Nasir’s Ramadan Quit Story
The 36-year shop keeper had smoked between 10 and 15 cigarettes a day for 20 years. "Sometimes I managed to stop for a whole month, but every time I saw someone with a cigarette in their hand it made me want one," he says. "Eventually the temptation would get too much, and I'd light up again. “My wife had become concerned about my health and showed me articles on the internet and YouTube about lung cancer and chest infections. “We have two children, and she didn't want them exposed to smoke, so I had to smoke in the garden," Nasir says.
Nasir told a family friend that he wanted to give up smoking during Ramadan. "We cannot smoke during the day during the time of fasting, so I thought that if I could give up smoking during the day, there was no reason why I couldn't eventually stop altogether," he says. His friend advised him to contact the Yorkshire Smokefree Service, which was runs stop smoking session’s offering support to people trying to give up. Nasir google the service and went on the Yorkshire Smokefree website and self-referred from there.
‘Fighting the cravings’
Nasir was booked into the Ramadan Evening clinic which was set up specifically for clients wanting to quit smoking during Ramadan. Between sessions, Nasir would phone his advisor whenever he had the urge to light up or was struggling copping without a cigarette. "I liked quitting with support from the service and looking at other stories on the website knowing that there are other people in the same situation and being able to talk to someone who knew what I was going through was great," he says. "My advisor Farai made various suggestions for getting through the first few days after my 'quit date'."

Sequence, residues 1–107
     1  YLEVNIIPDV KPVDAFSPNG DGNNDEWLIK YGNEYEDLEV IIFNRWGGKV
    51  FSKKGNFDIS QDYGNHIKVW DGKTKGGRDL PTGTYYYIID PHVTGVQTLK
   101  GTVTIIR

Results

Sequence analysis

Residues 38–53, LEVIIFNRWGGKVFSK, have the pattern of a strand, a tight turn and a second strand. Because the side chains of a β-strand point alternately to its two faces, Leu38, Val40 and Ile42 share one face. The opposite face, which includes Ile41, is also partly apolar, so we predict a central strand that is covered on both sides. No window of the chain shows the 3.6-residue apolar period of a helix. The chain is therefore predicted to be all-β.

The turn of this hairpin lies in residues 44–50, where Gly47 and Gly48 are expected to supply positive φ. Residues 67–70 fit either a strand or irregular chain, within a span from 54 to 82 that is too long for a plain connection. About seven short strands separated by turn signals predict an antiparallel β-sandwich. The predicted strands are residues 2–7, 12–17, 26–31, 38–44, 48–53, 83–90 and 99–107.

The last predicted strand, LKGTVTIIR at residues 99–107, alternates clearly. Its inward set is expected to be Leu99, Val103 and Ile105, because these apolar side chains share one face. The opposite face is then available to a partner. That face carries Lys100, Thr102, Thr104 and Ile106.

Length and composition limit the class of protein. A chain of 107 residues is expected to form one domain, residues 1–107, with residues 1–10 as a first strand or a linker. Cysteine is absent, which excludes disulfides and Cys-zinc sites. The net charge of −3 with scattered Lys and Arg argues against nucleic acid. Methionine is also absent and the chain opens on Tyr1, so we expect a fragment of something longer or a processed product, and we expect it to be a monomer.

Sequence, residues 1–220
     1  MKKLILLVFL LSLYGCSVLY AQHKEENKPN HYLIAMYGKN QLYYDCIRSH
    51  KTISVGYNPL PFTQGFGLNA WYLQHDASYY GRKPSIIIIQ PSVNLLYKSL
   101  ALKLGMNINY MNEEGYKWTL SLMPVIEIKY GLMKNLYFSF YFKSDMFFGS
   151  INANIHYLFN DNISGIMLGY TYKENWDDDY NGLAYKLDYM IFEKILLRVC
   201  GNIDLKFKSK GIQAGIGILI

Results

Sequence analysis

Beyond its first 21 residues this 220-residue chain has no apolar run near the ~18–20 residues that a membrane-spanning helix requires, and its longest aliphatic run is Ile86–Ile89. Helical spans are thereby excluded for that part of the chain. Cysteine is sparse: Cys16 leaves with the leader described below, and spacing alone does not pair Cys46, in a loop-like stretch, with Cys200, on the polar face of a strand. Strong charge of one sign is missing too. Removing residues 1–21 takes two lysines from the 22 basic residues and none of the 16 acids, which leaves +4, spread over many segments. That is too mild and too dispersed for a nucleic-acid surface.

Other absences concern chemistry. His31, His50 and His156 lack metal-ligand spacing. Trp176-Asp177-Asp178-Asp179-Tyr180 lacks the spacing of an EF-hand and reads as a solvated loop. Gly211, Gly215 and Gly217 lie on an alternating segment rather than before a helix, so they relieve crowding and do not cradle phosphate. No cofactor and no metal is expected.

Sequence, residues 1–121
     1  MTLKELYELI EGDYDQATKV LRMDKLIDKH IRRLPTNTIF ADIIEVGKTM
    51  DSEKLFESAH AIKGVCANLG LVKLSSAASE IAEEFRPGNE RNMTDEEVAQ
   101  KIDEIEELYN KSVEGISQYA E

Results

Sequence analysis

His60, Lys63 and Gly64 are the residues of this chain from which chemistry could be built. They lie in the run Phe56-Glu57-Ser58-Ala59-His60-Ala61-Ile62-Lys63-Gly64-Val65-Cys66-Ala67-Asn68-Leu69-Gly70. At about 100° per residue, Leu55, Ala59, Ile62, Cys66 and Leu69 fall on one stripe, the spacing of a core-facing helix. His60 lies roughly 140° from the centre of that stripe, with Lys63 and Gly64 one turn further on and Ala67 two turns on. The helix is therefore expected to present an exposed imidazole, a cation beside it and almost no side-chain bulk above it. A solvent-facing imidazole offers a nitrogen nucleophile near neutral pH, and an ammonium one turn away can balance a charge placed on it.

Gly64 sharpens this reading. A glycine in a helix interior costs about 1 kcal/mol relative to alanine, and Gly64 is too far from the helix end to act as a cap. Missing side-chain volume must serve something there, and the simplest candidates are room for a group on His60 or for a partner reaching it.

'It gets easier'
"The first few weeks were hard. Not eating or drinking anything during the day is difficult, but for me not smoking was harder. “At night, Nasir chewed nicotine gum whenever he felt like smoking a cigarette. "Stopping smoking isn't something you can feel half-hearted about," he says. "There were a few weak moments at first when I told myself that a couple of cigarettes wouldn't hurt, but I knew that if I gave in and had one, I'd be smoking 15 a day again by the end of the week." If he had a craving during the day, he sat in a cafe and read a paper until the urge had passed. "I think the main reason that I finally managed to stop was that I really wanted to," Nasir says. "It does get easier as time goes on. After 8 weeks I was able to stop using the nicotine gum, and I'm proud to say that I have not smoked since the start of Ramadan and I am now over 8 weeks stopped. "Today, I can do physical exercise without getting breathless and my head feels clearer. My wife is proud of me, and it's nice to know that I don't have to go outside and stand in the cold or rain just for a smoke.